Europe > Greece

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Jelle Barkema, Tryggvi Gudmundsson, and Mr. Mico Mrkaic
Estimates of output gaps continue to play a key role in assessments of the stance of business cycles. This paper uses three approaches to examine the historical record of output gap measurements and their use in surveillance within the IMF. Firstly, the historical record of global output gap estimates shows a firm negative skew, in line with previous regional studies, as well as frequent historical revisions to output gap estimates. Secondly, when looking at the co-movement of output gap estimates and realized measures of slack, a positive, but limited, association is found between the two. Thirdly, text analysis techniques are deployed to assess how estimates of output gaps are used in Fund surveillance. The results reveal no strong bearing of output gap estimates on the coverage of the concept or direction of policy advice. The results suggest the need for continued caution in relying on output gaps for real-time policymaking and policy assessment.
Mr. Bas B. Bakker, Marta Korczak, and Mr. Krzysztof Krogulski
In the last decade, over half of the EU countries in the euro area or with currencies pegged to the euro were hit by large risk premium shocks. Previous papers have focused on the impact of these shocks on demand. This paper, by contrast, focuses on the impact on supply. We show that risk premium shocks reduce the output level that maximizes profit. They also lead to unemployment surges, as firms are forced to cut costs when financing becomes expensive or is no longer available. As a result, all countries with risk premium shocks saw unemployment surge, even as euro area core countries managed to contain unemployment as firms hoarded labor during the downturn. Most striking, wage bills in euro area crisis countries and the Baltics declined even faster than GDP, whereas in core euro area countries wage shares actually increased.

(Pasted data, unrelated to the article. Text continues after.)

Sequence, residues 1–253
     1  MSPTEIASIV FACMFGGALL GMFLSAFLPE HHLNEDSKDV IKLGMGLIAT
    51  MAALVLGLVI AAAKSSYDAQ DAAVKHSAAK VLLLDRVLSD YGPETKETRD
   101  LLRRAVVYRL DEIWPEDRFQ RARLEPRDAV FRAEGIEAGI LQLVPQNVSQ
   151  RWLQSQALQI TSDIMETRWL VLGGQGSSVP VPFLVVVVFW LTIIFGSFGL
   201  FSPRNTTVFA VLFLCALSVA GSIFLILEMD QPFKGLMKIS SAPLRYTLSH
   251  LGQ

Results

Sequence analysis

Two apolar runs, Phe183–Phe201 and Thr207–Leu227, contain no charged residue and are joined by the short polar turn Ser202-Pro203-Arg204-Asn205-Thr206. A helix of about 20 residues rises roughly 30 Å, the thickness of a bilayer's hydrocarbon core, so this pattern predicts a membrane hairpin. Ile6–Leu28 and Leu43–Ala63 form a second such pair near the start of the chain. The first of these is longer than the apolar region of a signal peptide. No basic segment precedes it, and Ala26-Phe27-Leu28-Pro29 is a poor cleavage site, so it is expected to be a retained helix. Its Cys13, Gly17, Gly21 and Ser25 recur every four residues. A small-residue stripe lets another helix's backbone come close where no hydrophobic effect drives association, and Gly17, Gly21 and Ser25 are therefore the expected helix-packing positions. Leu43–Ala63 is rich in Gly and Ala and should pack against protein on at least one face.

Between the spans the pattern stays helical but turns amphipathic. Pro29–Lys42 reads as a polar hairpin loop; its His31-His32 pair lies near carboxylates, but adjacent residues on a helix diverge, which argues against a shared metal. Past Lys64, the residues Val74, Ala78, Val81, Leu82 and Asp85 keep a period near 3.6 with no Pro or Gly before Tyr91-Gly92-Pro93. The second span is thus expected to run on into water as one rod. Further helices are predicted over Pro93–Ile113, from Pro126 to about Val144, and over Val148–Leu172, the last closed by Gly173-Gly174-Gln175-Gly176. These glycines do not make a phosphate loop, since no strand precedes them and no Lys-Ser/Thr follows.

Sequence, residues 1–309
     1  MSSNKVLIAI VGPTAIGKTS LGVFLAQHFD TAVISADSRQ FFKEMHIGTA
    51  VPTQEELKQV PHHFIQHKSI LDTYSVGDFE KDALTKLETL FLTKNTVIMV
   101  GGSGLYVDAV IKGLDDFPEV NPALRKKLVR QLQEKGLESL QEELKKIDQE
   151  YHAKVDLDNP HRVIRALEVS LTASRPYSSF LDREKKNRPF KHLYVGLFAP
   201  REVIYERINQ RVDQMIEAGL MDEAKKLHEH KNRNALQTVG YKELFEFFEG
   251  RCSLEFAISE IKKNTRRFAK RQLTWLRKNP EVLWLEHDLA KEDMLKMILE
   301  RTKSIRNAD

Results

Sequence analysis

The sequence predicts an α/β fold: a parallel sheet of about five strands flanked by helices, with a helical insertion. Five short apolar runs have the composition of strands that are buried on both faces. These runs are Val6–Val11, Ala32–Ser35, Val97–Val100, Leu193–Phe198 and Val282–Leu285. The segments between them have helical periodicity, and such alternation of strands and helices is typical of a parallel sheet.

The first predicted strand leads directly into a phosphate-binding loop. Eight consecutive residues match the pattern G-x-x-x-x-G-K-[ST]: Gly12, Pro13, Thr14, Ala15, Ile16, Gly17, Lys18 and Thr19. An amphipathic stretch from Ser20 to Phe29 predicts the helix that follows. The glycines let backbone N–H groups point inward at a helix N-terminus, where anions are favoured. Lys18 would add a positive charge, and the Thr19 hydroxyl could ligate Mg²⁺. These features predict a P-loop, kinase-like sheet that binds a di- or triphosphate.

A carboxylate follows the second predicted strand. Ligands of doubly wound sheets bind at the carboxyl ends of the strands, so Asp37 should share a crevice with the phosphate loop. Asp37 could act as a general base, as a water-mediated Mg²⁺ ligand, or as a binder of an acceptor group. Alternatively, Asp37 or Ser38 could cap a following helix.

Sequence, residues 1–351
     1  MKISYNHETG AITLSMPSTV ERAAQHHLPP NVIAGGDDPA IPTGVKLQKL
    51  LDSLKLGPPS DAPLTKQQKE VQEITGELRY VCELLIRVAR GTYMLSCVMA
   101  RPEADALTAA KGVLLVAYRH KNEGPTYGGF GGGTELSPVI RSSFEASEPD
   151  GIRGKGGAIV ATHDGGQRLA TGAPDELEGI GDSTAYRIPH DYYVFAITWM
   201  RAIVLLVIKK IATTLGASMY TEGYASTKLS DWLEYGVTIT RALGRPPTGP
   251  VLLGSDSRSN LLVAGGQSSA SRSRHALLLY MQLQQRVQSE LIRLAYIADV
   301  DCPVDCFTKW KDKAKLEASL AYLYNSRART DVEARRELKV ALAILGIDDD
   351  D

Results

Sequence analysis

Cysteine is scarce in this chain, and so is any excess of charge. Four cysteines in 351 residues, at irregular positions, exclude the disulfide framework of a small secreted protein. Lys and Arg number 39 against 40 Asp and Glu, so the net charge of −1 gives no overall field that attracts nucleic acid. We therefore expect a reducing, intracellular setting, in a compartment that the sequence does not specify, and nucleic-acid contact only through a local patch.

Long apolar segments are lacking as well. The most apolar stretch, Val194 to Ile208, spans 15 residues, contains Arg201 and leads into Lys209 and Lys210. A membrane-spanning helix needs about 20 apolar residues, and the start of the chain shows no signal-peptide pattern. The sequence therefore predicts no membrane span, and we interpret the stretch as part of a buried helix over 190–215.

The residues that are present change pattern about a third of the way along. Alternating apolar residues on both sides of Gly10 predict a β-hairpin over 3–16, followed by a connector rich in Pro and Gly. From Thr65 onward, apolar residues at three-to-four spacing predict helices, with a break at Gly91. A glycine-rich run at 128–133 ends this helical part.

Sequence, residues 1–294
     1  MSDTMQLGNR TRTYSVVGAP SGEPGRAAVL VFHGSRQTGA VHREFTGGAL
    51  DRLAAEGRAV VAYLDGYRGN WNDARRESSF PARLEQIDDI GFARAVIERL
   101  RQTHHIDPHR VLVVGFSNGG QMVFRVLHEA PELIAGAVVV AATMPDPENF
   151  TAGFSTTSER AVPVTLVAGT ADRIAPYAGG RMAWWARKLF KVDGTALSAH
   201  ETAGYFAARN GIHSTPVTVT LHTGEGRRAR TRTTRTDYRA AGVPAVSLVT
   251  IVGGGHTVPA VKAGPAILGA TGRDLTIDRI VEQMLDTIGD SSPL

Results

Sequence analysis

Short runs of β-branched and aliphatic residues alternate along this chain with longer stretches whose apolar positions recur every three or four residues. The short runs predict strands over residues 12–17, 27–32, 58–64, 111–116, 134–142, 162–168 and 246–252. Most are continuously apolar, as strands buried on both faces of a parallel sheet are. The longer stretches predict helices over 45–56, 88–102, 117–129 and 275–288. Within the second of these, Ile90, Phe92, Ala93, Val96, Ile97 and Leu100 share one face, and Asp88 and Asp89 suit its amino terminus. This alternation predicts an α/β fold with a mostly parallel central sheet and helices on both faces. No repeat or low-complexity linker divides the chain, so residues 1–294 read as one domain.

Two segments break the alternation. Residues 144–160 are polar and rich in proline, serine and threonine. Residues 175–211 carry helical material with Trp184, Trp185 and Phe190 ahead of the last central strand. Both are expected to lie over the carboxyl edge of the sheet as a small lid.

International Monetary Fund. European Dept.
This paper discusses Greece’s First Post-Program Monitoring discussions. The economic recovery in Greece is accelerating and broadening. Growth and job creation in Greece are expected to accelerate further in 2019. However, vulnerabilities remain significant and downside risks are rising. Policies to promote stronger growth and strengthen the economy’s resilience were the focus of the discussions. The discussion report emphasises on the importance of enhancing labor market flexibility and boosting productivity and competitiveness. Greece should reconsider recent changes in collective bargaining policies and press ahead with its unfinished reform agenda. This would also help mitigate any negative effects on competitiveness and employment from rising wage pressures. Speeding up efforts to clean up bank balance sheets, restore lending, and improve Greece’s weak payment culture is also of prime importance. Medium-term public debt repayment capacity remains robust, but subject to rising risks amid still significant vulnerabilities.
Mr. Jeffrey R. Franks, Ms. Bergljot B Barkbu, Mr. Rodolphe Blavy, William Oman, and Hanni Schoelermann
We examine economic convergence among euro area countries on multiple dimensions. While there was nominal convergence of inflation and interest rates, real convergence of per capita income levels has not occurred among the original euro area members since the advent of the common currency. Income convergence stagnated in the early years of the common currency and has reversed in the wake of the global economic crisis. New euro area members, in contrast, have seen real income convergence. Business cycles became more synchronized, but the amplitude of those cycles diverged. Financial cycles showed a similar pattern: sychronizing more over time, but with divergent amplitudes. Income convergence requires reforms boosting productivity growth in lagging countries, while cyclical and financial convergence can be enhanced by measures to improve national and euro area fiscal policies, together with steps to deepen the single market.
Mr. Tamim Bayoumi and Mr. Barry J. Eichengreen